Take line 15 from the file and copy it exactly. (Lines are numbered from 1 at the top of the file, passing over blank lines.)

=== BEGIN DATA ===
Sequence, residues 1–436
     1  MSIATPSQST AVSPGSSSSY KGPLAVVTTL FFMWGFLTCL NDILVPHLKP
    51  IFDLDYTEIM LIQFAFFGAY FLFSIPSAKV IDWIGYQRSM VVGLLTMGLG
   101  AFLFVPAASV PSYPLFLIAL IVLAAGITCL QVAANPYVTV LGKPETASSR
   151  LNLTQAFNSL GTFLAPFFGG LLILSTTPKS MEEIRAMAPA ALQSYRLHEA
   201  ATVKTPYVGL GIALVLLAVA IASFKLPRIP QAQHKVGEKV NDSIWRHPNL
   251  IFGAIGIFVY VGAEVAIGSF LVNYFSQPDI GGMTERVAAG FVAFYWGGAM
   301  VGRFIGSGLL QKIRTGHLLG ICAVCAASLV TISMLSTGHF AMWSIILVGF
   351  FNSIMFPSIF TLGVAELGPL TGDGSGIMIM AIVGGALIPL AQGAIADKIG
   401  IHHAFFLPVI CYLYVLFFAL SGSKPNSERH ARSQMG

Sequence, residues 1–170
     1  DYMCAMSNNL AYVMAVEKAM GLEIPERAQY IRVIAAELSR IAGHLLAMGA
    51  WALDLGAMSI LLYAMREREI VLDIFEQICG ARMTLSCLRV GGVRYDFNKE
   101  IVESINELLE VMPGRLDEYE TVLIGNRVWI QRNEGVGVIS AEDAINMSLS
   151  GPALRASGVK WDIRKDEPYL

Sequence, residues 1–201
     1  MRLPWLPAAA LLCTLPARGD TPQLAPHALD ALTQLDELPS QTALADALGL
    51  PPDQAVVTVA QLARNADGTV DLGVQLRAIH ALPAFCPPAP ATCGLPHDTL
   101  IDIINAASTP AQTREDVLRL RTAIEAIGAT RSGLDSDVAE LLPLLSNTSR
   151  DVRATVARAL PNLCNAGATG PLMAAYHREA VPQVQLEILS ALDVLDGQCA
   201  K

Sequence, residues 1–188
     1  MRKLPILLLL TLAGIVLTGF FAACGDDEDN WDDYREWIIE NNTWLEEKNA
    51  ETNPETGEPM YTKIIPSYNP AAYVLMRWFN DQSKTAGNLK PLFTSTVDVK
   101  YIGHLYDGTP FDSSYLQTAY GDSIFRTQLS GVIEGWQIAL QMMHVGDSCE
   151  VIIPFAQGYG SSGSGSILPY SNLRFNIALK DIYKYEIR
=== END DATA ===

   151  GPALRASGVK WDIRKDEPYL